The Message From Mumbai
Western commentators still don't grasp what the free world is facing. This was not merely a distant horror
Around the world, people have reacted with horror to the vile atrocities in Mumbai.
For three days, our TV screens transmitted images of carnage and chaos as the toll of murder victims climbed to upwards of 190 people, with many hundreds more injured.
Despite the fact that Western citizens were caught up in the attacks, there is nevertheless a sense that this was nothing to do with us — a horrible event happening in a faraway place.
Among commentators, moreover, there has been no small amount of confusion.
Were these terrorists motivated by the grievance between Muslims and Hindus over Kashmir, or was this a broader attack by Al Qaeda?
If British and American tourists were singled out over Iraq — which many assume is the motive for such attacks — why were Indians targeted in the Victoria railway station?
And why was an obscure outreach centre geared to Jews marked for slaughter?
Such perceptions and questions suggest that, even now, Western commentators still don't grasp what the free world is facing. This was not merely a distant horror.
We should pay the closest possible attention to what happened in Mumbai because something on this scale could well happen here.
But because we don't understand what we are actually up against, we are not doing nearly enough to prevent this — or something even worse — occurring; and if it were to happen here, we would be unable to cope.
The Mumbai atrocities show very clearly what too many obdurately deny — that a war is being waged against civilization.
It is both global and local. It is not 'our' fault; it has nothing to do with Muslim poverty, oppression or discrimination.
The Islamic fundamentalist fanatics use specific grievances — Kashmir, Iraq, Palestine, Chechnya — merely as recruiting sergeants for their worldwide holy war against all 'unbelievers'.
The Mumbai attackers targeted British, American and Indian citizens simply because they wanted to kill as many British, American and Indian 'unbelievers' as possible.
Where they found Muslims, they spared them.
They also singled out for slaughter the occupants of an outreach organization geared to Jews with no Israeli or political agenda — underscoring the point that at the core of the Islamists' hatred of Israel festers their hatred of the Jews.
This was not, as is so often described, 'mindless violence'.
On the contrary, the terrorists precisely calibrated both their choice of targets and the way in which they attacked them. This tells us many things.
India was chosen in order to further two aims. First was to foment greater tension between India and Pakistan.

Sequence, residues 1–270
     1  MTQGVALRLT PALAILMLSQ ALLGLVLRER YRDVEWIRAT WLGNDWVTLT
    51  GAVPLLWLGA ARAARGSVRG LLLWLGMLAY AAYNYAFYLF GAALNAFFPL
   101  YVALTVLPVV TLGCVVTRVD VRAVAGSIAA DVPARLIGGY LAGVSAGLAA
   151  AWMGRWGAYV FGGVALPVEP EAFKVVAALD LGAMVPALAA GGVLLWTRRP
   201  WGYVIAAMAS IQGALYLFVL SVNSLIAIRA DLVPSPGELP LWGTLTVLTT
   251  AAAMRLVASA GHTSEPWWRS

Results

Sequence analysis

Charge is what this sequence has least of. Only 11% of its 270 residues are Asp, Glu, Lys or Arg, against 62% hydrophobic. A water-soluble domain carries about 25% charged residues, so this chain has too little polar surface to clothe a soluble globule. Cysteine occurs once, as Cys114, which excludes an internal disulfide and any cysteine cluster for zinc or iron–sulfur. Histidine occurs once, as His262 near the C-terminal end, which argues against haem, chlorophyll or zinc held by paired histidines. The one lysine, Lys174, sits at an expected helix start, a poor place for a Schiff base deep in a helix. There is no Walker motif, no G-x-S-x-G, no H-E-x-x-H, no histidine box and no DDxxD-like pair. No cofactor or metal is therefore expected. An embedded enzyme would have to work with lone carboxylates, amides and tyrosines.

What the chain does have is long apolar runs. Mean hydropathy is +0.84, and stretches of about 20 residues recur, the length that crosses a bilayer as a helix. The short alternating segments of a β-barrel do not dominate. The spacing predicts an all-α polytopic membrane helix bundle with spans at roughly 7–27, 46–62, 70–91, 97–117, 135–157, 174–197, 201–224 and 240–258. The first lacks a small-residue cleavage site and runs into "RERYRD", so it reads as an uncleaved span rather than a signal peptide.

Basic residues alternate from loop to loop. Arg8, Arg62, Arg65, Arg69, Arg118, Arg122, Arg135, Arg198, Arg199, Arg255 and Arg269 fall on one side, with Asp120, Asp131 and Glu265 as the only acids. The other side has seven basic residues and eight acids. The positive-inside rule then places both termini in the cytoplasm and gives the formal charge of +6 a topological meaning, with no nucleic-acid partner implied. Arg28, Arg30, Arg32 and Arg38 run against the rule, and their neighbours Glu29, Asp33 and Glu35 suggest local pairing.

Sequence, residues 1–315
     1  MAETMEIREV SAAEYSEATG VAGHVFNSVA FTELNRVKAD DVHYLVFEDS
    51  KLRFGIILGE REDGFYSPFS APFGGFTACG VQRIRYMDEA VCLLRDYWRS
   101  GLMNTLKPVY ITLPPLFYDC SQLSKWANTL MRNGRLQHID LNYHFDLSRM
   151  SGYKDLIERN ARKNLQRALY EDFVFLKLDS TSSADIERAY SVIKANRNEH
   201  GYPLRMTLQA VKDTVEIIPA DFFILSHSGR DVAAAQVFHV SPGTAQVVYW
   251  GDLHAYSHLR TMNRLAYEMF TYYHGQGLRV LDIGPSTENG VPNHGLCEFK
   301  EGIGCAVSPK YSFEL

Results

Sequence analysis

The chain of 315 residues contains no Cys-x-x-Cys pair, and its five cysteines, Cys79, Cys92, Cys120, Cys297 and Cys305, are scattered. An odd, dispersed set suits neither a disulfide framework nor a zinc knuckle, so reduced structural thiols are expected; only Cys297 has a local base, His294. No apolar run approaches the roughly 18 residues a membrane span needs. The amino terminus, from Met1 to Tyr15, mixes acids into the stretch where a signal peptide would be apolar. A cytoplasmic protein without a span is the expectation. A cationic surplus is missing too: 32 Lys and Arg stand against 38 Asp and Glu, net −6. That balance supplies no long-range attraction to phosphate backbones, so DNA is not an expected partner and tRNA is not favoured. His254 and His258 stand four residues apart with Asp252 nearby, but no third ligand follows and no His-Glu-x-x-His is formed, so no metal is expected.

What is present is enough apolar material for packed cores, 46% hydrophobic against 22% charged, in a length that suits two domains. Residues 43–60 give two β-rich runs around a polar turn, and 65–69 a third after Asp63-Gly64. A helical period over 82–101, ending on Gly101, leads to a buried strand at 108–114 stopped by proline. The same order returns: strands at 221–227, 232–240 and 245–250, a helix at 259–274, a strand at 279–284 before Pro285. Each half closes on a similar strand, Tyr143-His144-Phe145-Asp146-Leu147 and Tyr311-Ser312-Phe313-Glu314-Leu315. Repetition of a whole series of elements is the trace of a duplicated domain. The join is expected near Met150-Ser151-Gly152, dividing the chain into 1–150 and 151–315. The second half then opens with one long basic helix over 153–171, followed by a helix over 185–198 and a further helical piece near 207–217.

No less important was the wish to destroy the ever more vital strategic alliance between India and the West in common defense against the Islamist onslaught.
That was why British and American visitors in those two grand hotels were singled out.
And that was why Mumbai itself was chosen — as the symbol of India's burgeoning commerce and prosperity and its links with the West.
The manner of these attacks also carried a message.
Many hostages were taken, but no attempt was made to use them to demand redress of any grievances. They were simply killed.
That made a statement that the terrorists' agenda is non-negotiable.
The attacks demonstrated, above all, the reach of the perpetrators and the impotence of their designated victims.
Those who believe that Islamist terror can be halted by addressing grievances around the world are profoundly mistaken.
With these atrocities, moreover, Islamist attacks have moved much closer to war than conventional terrorism.
The Iranian-born foreign affairs specialist Amir Taheri has pointed out that the Mumbai attacks embody the plan outlined by a senior Al Qaeda strategist after the U.S. decided to fight back following 9/11 — a decision that the Islamists had not expected.
This new strategy entails targeting countries with a substantial Muslim presence for 'low-intensity warfare' comprising bombings, kidnappings, the taking of hostages, the use of women and children as human shields, beheadings and other attacks that make normal life impossible.
Such a simultaneous, multi-faceted onslaught quickly reduces a city and a country to chaos. It can be repeated anywhere — and our cities must be among the most vulnerable.